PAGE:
Because of lack of liquidity and the Yemeni Riyal collapsing – if we can get cash through the biometric system – we believe that this will provide a serious economic boost of liquidity into the marketplace and hopefully stabilize the Riyal, at least back down to about 550 to the dollar, and that would help restore food prices. But it would not only just help the 13 million people that we’re supporting now, but that would end up helping all 29-30 million people in the entire country.
If we can get that confidence back to the donors – that’s putting about half a billion dollars’ worth of liquidity that we believe we can inject into the market place through the beneficiaries in 2021, and that would help stabilize the currency and get the economy moving again.
But Ansar Allah needs to show they are willing to help us. And they can do that by meeting the seven pre-conditions set by donors in February 2020. Of these seven, five have still not been met, although we are slowly making progress on all of them.
And quite frankly, these are things that should be resolved in hours or days, not weeks, months and years. And, we are asking for nothing exceptional nor new, just to implement as we do all over the world. Why would anyone stand in the way of that?
I truly hope the Ansar Allah authorities will now continue working with us to meet these criteria and play their part so that we can raise the funds that will, quite literally, mean the difference between life and death for millions of Yemenis.
But we are running out of time. The war now rages across more than 40 frontlines. Yemen’s foreign currency reserves, were boosted by $2 billion in 2018 – but that money is now down to zero again. As a result, the cost of basic foods has sky-rocketed.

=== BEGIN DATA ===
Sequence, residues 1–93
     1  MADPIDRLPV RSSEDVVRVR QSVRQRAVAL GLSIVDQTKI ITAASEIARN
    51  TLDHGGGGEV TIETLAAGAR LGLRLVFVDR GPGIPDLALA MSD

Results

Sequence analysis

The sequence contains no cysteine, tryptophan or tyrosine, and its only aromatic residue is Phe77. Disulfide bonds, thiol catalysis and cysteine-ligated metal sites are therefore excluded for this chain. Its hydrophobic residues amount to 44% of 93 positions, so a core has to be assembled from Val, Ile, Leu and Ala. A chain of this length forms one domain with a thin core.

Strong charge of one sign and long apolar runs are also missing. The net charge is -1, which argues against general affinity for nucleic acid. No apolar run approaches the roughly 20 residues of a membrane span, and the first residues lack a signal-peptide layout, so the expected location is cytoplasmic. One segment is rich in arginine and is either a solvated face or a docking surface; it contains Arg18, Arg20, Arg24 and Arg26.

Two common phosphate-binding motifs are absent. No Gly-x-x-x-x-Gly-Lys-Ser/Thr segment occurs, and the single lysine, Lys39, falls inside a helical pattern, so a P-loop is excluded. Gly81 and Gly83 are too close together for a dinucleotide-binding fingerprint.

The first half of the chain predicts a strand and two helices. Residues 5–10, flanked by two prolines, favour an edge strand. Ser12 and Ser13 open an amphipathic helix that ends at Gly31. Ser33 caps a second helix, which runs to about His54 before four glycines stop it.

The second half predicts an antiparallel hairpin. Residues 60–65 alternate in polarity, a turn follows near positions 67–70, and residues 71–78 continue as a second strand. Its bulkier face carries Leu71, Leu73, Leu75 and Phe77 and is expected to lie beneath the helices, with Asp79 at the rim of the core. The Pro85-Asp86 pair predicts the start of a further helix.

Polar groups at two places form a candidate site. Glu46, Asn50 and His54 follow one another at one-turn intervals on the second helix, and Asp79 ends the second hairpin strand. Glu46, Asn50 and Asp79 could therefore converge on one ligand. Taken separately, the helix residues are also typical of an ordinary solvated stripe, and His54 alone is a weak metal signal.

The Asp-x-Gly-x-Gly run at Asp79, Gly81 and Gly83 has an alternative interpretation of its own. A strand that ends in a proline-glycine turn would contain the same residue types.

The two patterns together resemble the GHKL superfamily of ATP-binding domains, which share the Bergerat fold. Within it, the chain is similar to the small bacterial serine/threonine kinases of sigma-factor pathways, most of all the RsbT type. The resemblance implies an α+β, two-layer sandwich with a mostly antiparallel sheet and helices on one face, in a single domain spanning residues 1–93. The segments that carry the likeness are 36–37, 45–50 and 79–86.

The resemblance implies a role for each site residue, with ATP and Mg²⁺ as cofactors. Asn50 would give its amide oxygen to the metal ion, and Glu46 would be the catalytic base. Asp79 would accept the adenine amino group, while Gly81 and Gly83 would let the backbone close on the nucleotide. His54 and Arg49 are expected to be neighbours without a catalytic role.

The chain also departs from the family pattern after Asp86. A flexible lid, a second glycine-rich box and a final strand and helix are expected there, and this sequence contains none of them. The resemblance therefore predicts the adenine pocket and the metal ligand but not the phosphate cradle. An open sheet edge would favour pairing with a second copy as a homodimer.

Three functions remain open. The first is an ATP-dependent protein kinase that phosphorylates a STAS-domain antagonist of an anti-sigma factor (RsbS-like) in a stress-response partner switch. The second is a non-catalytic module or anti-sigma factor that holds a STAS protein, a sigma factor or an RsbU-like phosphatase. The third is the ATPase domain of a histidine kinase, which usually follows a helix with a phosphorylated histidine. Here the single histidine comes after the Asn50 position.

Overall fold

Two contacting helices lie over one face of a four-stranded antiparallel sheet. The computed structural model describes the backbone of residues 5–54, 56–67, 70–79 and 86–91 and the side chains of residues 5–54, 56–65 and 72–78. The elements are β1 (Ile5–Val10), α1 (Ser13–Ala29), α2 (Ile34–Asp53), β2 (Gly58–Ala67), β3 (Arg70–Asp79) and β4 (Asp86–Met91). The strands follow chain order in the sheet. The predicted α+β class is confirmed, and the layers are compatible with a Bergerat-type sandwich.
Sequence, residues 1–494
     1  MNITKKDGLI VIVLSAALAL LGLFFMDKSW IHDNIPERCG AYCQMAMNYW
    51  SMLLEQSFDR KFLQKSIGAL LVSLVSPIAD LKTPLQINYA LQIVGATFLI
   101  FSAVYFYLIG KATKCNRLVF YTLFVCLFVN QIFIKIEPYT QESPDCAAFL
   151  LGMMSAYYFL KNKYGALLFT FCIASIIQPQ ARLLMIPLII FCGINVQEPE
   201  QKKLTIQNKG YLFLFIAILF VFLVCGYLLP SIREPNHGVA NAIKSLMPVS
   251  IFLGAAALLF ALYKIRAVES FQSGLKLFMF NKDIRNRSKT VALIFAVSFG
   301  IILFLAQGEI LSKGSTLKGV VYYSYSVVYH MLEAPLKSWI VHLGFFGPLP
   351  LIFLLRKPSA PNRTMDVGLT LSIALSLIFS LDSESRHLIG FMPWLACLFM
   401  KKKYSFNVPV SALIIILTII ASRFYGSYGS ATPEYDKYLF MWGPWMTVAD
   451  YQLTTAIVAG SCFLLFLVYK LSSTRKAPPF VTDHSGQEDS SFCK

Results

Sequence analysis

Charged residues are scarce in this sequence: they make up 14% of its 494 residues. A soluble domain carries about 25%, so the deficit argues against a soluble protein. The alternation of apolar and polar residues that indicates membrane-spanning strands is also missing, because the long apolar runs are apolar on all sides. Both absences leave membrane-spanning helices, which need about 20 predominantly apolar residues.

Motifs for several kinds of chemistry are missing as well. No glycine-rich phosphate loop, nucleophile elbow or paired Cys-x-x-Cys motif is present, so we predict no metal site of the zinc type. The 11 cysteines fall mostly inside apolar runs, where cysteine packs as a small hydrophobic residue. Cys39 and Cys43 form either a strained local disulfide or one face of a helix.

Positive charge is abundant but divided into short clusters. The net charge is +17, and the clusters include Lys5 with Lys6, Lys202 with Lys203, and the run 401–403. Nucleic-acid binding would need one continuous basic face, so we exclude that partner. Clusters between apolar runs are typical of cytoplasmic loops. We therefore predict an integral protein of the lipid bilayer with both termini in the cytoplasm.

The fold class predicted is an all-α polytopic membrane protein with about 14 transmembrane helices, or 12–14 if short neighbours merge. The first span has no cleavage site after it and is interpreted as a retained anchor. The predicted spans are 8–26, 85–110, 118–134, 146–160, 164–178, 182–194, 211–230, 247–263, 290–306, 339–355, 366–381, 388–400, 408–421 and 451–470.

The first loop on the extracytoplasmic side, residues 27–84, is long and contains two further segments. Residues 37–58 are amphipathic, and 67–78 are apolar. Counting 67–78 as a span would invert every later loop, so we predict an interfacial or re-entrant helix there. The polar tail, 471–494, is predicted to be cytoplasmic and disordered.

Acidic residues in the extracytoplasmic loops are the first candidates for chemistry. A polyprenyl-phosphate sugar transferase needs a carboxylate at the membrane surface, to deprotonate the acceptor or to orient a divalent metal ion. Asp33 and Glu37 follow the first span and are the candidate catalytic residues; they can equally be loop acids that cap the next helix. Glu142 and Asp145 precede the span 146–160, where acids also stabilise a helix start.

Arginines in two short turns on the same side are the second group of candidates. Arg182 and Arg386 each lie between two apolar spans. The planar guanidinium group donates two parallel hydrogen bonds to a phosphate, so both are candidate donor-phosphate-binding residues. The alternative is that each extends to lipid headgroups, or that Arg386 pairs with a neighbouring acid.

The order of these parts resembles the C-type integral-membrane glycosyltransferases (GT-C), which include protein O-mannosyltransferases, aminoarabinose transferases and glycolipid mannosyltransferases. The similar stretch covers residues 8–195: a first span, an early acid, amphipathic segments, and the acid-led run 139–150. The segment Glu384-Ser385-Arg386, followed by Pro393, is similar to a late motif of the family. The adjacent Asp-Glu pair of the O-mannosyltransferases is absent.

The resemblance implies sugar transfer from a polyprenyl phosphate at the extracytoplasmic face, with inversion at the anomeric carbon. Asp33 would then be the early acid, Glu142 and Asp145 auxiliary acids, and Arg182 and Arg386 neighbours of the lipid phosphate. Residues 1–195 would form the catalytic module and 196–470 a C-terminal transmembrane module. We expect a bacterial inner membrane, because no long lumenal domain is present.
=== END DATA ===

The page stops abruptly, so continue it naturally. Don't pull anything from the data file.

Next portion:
The impact on food security has been catastrophic. Pre-COVID-19, analyses found the number of people facing severe food insecurity was expected to exceed about 17 million people out 29-30 million people in 2020. Further analysis in the Southern districts from a few months ago predicted that acute food insecurity would rise sharply – from 25% to 40% of the population by the end of the year. That’s about 3.2 million people of the 7.9 million surveyed.
Now the latest internal analysis tells us that famine is truly a real and dangerous possibility. The warning lights are flashing, and they are not flashing yellow. They are flashing red as red can be.
We can’t wait for a formal decision of famine to act. We have to stop waiting for the crisis to reach a boiling point and then doing just enough to pull it back from the brink. It’s time to stop with these band-aid solutions.
We need the authorities to continue working with us and cooperate with us on efforts to restore donors’ confidence.
But we also need a comprehensive, funded plan – immediately – to avert the famines glaring us in the face, stabilize the shattered economy, support longer-term development, and above all bring pressure to bear on the warring parties to silence the guns and make peace.
So, today, I am calling on all our major donors to step up with additional funds to avoid the looming famine in Yemen.
To restore rations to all beneficiaries and resume other activities such as specialized nutrition support to children and nursing mothers, we require $2.6 billion for the whole of 2021.
Let me say this very clearly – to avert famine for 2021, we will need $1.9 billion. We can’t nickel and dime this to death. We have got to move now and people are going to die if we don’t.
Come January, even though we got nine million people on half rations – out of 13 million people that we are supporting – we’re running out of money now. And come January we are going to have to cut rations additionally for six million people, and we will run completely out in March. And I can’t even begin to tell you the catastrophe that will be.
Amid the darkness which threatens to overwhelm Yemen, I ask the Security Council to give the people of this nation a glimmer of hope.
I urge you: don’t turn your backs on them – don’t turn your backs on the people of Yemen. Listen to the alarm that Mark and I are sounding before it is too late. Seize this brief opportunity that we have to avoid the famine which is already gaining a foothold in parts of Yemen. We’ve got to do it today – I believe in you – these innocent victims of war in Yemen; the little boys and little girls, the families, the women – they’re looking to us to save them from famine and this catastrophe.